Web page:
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Kaikei

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  • Active: 1189-1223
  • Japanese: 快慶 (Kaikei)

Kaikei was a busshi (sculptor of Buddhist sculpture) of the Kei school; along with his contemporary Unkei, he is credited with creating many of the most famous and treasured Buddhist sculptures of Nara and Kyoto.

A 56-inch tall statue of Miroku in gilded wood, dated to late 1189 and in the collection of the Museum of Fine Arts, Boston since 1920, has long been considered the oldest known extant work by the sculptor.[1] In late 2013, scholars announced that they now suspect a stone carving at Jishô-in in Nara prefecture, dated to early 1189, to also be a work of Kaikei's; if this identification is correct, it would make this work in Nara the oldest extant known work by the artist, supplanting that held by the MFA.[2]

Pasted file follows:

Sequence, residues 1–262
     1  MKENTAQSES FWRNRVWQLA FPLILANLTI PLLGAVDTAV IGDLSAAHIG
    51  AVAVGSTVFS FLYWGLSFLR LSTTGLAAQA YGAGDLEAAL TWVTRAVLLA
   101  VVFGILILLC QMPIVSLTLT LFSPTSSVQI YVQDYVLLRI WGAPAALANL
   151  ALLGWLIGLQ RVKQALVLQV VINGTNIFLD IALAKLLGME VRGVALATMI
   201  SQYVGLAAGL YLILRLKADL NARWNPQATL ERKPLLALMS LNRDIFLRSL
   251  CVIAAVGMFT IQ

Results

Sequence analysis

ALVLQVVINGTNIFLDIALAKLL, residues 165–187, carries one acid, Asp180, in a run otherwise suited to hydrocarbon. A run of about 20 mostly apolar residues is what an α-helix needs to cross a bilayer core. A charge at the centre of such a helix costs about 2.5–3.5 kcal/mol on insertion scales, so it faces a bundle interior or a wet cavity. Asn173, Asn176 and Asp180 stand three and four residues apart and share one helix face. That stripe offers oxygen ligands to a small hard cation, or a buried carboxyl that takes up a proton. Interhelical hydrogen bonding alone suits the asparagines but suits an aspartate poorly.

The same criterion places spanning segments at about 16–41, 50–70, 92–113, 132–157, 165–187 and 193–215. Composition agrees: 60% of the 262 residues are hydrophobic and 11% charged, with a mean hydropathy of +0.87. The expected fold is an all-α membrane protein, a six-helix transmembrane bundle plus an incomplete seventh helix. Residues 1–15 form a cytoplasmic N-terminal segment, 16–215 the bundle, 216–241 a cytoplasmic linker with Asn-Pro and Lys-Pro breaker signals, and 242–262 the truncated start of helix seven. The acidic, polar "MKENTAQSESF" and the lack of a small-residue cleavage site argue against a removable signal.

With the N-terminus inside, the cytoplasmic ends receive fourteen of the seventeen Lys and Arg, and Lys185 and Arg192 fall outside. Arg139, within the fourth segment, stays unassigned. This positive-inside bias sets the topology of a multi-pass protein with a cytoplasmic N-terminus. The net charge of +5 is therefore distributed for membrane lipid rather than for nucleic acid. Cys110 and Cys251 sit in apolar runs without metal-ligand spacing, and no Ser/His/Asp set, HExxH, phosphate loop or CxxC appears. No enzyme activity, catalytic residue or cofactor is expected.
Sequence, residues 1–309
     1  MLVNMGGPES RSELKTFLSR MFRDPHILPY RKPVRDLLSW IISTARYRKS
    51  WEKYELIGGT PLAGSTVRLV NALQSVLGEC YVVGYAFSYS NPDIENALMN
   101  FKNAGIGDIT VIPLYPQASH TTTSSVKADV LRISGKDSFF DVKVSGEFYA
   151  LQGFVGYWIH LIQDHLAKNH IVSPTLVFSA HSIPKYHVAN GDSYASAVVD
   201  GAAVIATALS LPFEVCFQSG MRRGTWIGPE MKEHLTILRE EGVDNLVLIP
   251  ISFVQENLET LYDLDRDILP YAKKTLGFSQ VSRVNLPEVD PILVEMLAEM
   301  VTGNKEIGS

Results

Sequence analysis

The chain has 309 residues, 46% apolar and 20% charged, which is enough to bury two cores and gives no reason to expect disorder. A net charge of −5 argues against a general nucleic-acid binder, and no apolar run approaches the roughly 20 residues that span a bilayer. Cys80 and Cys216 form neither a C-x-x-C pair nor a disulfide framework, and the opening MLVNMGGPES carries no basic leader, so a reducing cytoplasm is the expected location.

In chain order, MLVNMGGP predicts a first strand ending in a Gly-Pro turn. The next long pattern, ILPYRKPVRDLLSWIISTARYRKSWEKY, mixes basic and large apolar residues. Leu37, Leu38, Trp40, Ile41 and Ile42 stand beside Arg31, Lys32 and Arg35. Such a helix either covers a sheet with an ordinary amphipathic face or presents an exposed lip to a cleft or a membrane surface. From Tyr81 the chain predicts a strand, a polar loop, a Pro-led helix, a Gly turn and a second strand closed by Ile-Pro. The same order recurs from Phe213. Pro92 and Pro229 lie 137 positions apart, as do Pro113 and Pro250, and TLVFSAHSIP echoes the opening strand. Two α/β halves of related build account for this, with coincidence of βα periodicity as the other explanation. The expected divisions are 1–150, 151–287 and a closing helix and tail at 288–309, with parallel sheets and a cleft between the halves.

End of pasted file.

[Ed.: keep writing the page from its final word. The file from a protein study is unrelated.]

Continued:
Kaikei's other most famous works include:

  • The pair of Niô guardian statues in the Nandaimon of Tôdai-ji, constructed in collaboration with Unkei and with the aid of 18 other Kei school sculptors & assistants. Completed over the course of only 72 days in 1203, from multiple blocks (yosegi-zukuri), they are the tallest freestanding wooden sculptures in Japan.[3]
  • A wooden sculpture of Hachiman in the guise of a Buddhist monk, also held at Tôdai-ji. This seated sculpture, in particularly realistic style and usually good condition with its painting intact, is 34 1/2 inches tall, and dates to 1201.[4]

References

  1. "Miroku, the Bodhisattva of the Future," Museum of Fine Arts, Boston.
  2. Matsuyama Naoki, "Researchers confirm work by Kamakura Period sculptor Kaikei; could be oldest," Asahi Shimbun, 2 Sept 2013.
  3. Mason, Penelope. History of Japanese Art. Second Edition. Upper Saddle River, NJ: Pearson Prentice Hall, 2005. pp187-188.
  4. Mason. pp191-192.
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